The Truckee Tribe Lacrosse Club runs Boys and Girls youth lacrosse programs in Truckee, California.

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Concussions:    What you need to know

What is the law?

Under the provisions of California Assembly Bill No. 2007, youth sports organizations will:

  • Be required to immediately remove from play an athlete who is suspected of suffering a concussion or head injury;
  • Prevent that player from returning to play for the remainder of the day and not returning until evaluated by a licensed health care provider who provides a written clearance;
  • If the athlete has sustained a concussion there shall be a graduated return to play over seven days after receiving medical clearance to return to play;
  • Parents or guardians of players under 18 shall be notified of the date of injury, symptoms observed, and any treatment provided;
  • A yearly fact sheet will be provided to all athletes and if the athlete is under seventeen to their parent. The fact sheet shall be signed and returned to the Tribe;
  • Each Coach and Administrator shall complete concussion training at least once before supervising an athlete in an activity of the youth sports organization.

What is a concussion?
It is a type of brain injury caused by trauma. It can be caused by a hard bump on or blow to or around the head, which causes the brain to move quickly inside the head. You do not have to lose consciousness to have a concussion. If a concussion is not properly treated, it can make symptoms last longer and delay recovery. A second head trauma before recovery could lead to more serious injuries.


What are the signs and symptoms?
There are many signs and symptoms linked with concussion. Your child may not have any symptoms until a few days after the injury. Signs are conditions observed by other people and symptoms are feelings reported by the athlete.
 

Signs observed by others
• Appears dazed or stunned   • Forgets plays    • Is unsure of game or opponent     • Moves clumsily    • Answers questions slowly     • Shows behavior or personality changes
 

Symptoms reported by athlete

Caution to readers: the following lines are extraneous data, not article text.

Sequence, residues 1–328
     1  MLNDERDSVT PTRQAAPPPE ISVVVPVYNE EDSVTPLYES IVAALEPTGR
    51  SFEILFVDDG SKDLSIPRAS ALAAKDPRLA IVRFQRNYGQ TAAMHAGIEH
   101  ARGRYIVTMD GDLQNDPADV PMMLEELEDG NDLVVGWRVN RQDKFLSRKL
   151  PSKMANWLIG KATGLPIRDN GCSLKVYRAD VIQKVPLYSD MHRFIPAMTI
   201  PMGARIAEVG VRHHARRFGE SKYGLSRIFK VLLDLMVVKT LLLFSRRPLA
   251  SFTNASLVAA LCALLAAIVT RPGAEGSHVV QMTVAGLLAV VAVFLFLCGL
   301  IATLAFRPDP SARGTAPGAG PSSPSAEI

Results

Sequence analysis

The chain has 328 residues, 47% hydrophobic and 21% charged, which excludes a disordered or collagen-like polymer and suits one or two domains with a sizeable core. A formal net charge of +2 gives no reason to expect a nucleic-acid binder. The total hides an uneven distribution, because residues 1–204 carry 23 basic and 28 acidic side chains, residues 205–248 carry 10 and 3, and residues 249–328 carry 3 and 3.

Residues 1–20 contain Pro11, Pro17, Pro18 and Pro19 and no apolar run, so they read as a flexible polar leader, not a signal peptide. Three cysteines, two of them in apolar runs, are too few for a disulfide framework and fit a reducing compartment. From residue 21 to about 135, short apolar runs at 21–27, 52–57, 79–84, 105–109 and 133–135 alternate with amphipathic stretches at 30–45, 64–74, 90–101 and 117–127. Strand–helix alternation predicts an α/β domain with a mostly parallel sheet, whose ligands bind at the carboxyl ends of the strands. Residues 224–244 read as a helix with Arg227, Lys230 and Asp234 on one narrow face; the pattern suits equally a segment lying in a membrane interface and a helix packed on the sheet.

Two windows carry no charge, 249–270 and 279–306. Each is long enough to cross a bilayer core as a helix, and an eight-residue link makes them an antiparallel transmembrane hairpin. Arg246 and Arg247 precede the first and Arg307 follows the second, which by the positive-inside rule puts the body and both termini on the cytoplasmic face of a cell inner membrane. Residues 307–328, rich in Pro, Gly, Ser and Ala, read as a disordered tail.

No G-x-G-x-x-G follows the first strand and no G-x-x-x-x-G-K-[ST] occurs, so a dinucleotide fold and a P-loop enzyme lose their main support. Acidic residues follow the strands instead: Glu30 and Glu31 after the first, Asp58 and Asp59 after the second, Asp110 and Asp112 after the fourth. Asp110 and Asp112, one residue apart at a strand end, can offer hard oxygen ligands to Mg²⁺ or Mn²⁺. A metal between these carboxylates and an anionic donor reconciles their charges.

• Headache     • Nausea     • Dizziness   • Fuzzy vision  • Feeling foggy   • Concentration problems

https://www.cdc.gov/headsup/basics/concussion_symptoms.html

 

What should you do if you suspect a concussion?*

  • Do not let your child play with a head injury.
  • Check on your child often after the injury for new or worsening signs or symptoms. If the symptoms are getting worse, take him to the nearest Emergency Department.
  • Take your child to the doctor for any symptom of a concussion.
  • Do not give your child pain medications without talking to your child's doctor.
  • Your child should stop all athletic activity until his doctor says it is OK. Your child must stay out of play until he is cleared by a licensed healthcare provider.
  • Educate your child on concussions and why he cannot play until the symptoms are gone. Your child will need a gradual return to school and activities.
  • Tell your child’s coaches, school nurses and teachers if he has a concussion.

*In case of an urgent concern or emergency, call 911 or go to the nearest emergency department right away.


Warning signs
Call your child’s doctor right away if he/she has:
• New signs that his doctor does not know about   • Existing signs that get worse   • Slurred speech    • Headaches that get worse      • A seizure        • Neck pain   

• Loss of consciousness   • Tiredness or is hard to wake   • Continued vomiting   • Weakness in the arms or legs  • Trouble knowing people or places 

• Blood or fluid coming from nose or ear    • A large bump or bruise on scalp

 

Where can I find more information?

Return to school and activities guidelines, educational videos and general concussion information
https://www.cdc.gov/headsup/basics/return_to_school.html